Hatchet: Our Namesake
He swung harder, held the hatchet so it would hit a longer, sliding blow, and the black rock exploded in fire. Sparks flew so heavily that several of them skittered and jumped on the sand beneath the rock and he smiled and struck again and again.
There could be fire here, he thought. I will have a fire here, he thought, and struck again - I will have a fire from the hatchet.
-Gary Paulsen, Hatchet
Hatchet Outdoor Supply Co. takes its name from Hatchet by Gary Paulsen. The owner of the shop Gene Han loved the book so much that he named his shop after it.
It has been almost 20 years exactly since I last read Hatchet. I remember my 5th grade classroom, the silver seal on the book declaring, "Newbery Honor Book," the young face with dark downcast eyes.
In many ways, its a quintessential survival novel. Brian Robeson is flying in the cockpit of a small single-engine airplane, when the pilot has a heart attack and Brian must make a crash landing in the Canadian wilderness with nothing to his name but the hatchet on his belt and the clothes on his back. He learns how some berries can make you sick if you're not careful. He learns how to make fire. He fashions himself a spear and a bow-and-arrow and teaches himself how to fish and then how to cook the fish. He becomes a target of a large moose and faces a tornado in his spare shelter.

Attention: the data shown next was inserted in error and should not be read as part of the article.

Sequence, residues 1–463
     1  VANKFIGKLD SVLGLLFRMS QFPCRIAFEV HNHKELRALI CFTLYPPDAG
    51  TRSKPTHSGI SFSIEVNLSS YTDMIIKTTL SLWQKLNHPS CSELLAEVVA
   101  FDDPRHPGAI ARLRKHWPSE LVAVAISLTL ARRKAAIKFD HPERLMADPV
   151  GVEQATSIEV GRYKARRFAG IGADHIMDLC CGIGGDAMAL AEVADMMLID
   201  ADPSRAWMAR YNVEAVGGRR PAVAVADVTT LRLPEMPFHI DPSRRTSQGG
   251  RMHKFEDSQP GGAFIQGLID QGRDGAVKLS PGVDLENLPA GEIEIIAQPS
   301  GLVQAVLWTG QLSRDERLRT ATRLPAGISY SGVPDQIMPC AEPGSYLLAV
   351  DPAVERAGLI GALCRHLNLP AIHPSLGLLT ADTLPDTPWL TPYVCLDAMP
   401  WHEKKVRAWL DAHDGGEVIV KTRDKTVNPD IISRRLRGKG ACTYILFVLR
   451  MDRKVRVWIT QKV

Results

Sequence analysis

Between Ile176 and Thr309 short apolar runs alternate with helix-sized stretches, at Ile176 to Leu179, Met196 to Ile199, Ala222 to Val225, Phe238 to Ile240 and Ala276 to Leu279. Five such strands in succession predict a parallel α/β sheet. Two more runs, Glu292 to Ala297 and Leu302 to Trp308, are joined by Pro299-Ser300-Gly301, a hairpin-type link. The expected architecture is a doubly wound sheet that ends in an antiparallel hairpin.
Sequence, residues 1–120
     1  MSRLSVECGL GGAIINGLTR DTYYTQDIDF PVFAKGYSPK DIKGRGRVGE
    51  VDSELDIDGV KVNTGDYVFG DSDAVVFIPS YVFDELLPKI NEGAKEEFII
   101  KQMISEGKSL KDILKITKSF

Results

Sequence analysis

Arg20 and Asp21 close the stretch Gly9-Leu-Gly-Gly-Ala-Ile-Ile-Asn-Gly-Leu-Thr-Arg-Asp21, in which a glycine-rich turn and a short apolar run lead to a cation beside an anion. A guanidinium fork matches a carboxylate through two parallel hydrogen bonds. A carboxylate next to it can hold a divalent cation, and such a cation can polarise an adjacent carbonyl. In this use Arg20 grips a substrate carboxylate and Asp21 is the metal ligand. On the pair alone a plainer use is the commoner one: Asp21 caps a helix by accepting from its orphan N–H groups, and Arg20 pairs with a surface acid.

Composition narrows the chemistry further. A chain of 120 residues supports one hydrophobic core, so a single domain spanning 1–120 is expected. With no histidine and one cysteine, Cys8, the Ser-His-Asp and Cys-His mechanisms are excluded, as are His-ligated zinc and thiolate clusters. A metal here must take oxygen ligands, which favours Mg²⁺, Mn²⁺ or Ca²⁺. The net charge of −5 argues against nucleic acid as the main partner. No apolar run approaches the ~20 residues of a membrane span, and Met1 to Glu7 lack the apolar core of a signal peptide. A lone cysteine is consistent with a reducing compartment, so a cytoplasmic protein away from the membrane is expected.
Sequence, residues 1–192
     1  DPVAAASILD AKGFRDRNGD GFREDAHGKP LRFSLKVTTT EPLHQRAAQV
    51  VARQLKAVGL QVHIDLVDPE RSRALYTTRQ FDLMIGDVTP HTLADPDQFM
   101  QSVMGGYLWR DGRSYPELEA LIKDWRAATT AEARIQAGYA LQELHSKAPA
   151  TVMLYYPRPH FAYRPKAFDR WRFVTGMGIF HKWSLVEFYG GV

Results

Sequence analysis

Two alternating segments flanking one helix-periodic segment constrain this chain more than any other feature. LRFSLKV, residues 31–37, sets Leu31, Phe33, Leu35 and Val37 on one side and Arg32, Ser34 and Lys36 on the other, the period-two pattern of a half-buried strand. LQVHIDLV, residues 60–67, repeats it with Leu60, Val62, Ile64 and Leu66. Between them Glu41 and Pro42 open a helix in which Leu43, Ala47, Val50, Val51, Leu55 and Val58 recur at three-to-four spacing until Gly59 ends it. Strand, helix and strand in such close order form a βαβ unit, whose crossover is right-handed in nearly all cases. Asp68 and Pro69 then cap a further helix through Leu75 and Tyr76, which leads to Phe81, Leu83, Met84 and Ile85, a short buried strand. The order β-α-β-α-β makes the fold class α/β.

I liked it then but am surprised to report that I think I enjoyed it more this time. I never realized, at 11, how Paulsen's use of repeated words is an indication of Brian's mental state, and I never realized that as the novel progresses and Brian becomes more and more capable of living in the outdoors, that the repetition stops, as he becomes present in the natural world and un-stuck from his domestic troubles.
In this way, it's a wonderful coming of age story, not just a compelling adventure/survival novel. It's about a 13-year-old who proves himself to himself through tremendous pain and hardship that Paulsen doesn't gloss over.
Even Brian's mom's infidelity haunts him through the end of the novel, which I take to be a moment of frankness to a young reader that you may need to overcome much in your life, but there are pains that endure.